Choosing what to make for the initial launch came quite easily, it probably sounds like a disparate collection of products but they are all everyday items I hope are just a little bit better than what’s currently available. Sturdy canvas bags, oxford-cloth shirts, woven pencil cases, eyeglasses, lighter covers. My goal is to make things that might become somebody’s favorite, whether it’s a shirt or a belt or a woven bookmark. I share as much as I can about the materials I use, where I produce the item, and hope that combined with my personality and design produces something that is a bit special. I like working on the details, the type of zipper and letter press hangtags but the product needs to serve a function, to have some utility or none of the other stuff matters, it’s that intersection of purpose and style that propels me.

FYD: Your selection of Omegas are fantastic. Did you grow up with one?

MS: My dad got me into old watches, he gave me a beautiful old Omega when I was in college, that started my fascination. Now I am able to sell vintage watches through my website. I have a watch guy who cleans and services the watches and gets them into perfect working order (all watches come with a full one-year warranty for parts and labor). The hardest part is offering some for sale, I just got an 1950s Omega whose face has this amazing orange hue and a black dial military Bulova with the perfect olive green band, not sure if I can part with either.

I share as much as I can about the materials I use, where I produce the item, and hope that combined with my personality and design produces something that is a bit special.

FYD: What is the look of your button down shirts?

MS: The long sleeve button-down shirts feature a curved hem along with some quiet detailing (seamless yoke, locker loop, bevel cream buttons, etc). I have new plaids and stripes that just came in and am working on some new patterns for Spring.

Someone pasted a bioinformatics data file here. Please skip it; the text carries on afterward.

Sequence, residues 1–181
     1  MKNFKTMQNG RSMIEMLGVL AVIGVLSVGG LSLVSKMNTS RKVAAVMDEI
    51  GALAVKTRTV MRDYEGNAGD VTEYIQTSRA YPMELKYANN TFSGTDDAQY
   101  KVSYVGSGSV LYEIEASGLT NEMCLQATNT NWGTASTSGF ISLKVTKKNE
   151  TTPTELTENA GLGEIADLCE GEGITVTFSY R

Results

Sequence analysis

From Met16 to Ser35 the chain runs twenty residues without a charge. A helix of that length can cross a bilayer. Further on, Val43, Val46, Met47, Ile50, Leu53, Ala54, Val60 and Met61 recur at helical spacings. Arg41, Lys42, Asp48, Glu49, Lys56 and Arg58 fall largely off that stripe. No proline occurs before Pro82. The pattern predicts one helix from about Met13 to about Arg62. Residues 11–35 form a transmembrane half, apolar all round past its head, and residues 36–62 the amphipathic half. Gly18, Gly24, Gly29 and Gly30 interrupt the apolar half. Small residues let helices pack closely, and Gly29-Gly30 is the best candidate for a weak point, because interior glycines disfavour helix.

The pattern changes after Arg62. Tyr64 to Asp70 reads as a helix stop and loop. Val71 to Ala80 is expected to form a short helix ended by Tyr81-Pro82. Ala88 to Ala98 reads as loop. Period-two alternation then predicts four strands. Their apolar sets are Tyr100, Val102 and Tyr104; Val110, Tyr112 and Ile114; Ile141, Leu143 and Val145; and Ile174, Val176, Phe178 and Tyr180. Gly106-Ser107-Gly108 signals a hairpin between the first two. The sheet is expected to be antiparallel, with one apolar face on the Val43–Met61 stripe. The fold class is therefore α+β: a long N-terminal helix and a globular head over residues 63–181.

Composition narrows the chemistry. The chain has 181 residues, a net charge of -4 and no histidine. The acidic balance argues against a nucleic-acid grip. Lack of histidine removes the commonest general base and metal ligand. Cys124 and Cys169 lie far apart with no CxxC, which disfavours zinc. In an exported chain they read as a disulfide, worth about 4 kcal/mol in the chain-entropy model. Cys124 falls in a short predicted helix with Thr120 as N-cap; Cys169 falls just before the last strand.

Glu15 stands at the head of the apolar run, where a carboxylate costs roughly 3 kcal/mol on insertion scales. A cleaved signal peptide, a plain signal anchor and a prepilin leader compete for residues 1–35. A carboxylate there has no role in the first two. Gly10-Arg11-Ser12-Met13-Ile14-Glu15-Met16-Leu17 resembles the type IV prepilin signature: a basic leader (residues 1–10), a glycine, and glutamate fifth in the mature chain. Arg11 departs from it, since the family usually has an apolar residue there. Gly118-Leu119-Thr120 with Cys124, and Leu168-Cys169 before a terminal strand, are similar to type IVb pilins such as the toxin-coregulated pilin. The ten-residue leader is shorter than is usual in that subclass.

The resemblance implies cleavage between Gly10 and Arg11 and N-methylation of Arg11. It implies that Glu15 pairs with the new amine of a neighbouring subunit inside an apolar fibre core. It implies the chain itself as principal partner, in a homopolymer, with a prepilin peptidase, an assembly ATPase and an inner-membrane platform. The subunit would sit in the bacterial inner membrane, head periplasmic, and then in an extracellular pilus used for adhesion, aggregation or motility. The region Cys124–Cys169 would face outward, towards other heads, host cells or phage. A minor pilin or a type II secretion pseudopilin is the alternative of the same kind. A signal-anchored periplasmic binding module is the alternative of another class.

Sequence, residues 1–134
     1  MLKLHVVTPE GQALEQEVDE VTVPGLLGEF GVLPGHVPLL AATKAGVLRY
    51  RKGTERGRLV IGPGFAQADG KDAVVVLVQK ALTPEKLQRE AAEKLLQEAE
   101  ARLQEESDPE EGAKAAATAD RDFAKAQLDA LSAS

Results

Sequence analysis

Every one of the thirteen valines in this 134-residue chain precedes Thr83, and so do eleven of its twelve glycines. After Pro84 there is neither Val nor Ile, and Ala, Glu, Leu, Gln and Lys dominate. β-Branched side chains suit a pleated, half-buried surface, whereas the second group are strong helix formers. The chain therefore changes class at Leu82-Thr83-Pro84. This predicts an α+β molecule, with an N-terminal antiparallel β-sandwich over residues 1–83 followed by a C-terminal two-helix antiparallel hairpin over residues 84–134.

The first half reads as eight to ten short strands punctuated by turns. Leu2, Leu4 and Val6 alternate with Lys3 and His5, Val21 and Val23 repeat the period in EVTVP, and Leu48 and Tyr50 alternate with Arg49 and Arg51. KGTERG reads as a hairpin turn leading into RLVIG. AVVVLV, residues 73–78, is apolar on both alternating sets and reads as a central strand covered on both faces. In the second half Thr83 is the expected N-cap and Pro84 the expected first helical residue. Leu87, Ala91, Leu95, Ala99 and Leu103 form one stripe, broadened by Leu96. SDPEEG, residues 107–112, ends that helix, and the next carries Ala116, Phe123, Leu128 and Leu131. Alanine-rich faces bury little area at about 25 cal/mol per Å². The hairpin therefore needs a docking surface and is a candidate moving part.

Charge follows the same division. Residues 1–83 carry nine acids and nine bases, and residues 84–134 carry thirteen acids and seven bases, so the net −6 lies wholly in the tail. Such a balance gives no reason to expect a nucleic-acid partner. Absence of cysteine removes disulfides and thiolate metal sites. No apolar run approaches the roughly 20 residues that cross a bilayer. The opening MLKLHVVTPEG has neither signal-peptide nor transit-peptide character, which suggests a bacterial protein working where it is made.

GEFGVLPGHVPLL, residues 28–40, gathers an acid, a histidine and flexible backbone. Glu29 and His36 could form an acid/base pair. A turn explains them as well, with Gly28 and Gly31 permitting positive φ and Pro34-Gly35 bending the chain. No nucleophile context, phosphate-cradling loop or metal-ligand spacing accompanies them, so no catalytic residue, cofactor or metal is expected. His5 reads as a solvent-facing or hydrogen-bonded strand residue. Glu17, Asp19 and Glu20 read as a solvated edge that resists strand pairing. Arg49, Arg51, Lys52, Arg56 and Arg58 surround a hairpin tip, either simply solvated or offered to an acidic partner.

FYD: Will we see you open a boutique in NYC 2011? West Village?  I’ll be an investor...

MS: I’d love to open a little shop in NYC, 300 square feet, that would be perfect. I really hope to open a shop in the coming year.

FYD: For last-minute shoppers, are you able to pass along your winter essentials and a few gift ideas?

MS: I’m on press this week with a 25” x 19” silk screened print with a 2011 calendar along the bottom that I hope will be a fun gift idea. The artwork for the poster was created by the amazing artist, Paulina Reyes.

I just finished reading Tinkers by Paul Harding and will be giving a copy to my Dad. There is also a great cd called Colour Yes by Mathew Halsall that I hope my Dad likes. There are beautiful oversized wooden puzzles at Doodle Doos in the West Village, I got one called Safari Social for my god-son, Jago.

FYD: Can we expect a third collaborative with Selima?

MS: Definitely, as soon as we can find the time, Project Selima & Matt is a very rewarding project that allows us the opportunity to assist select art organizations and nonprofits. Our first two projects with the The Thing Quarterly, and 826nyc/Superhero Supply Store were a lot of fun.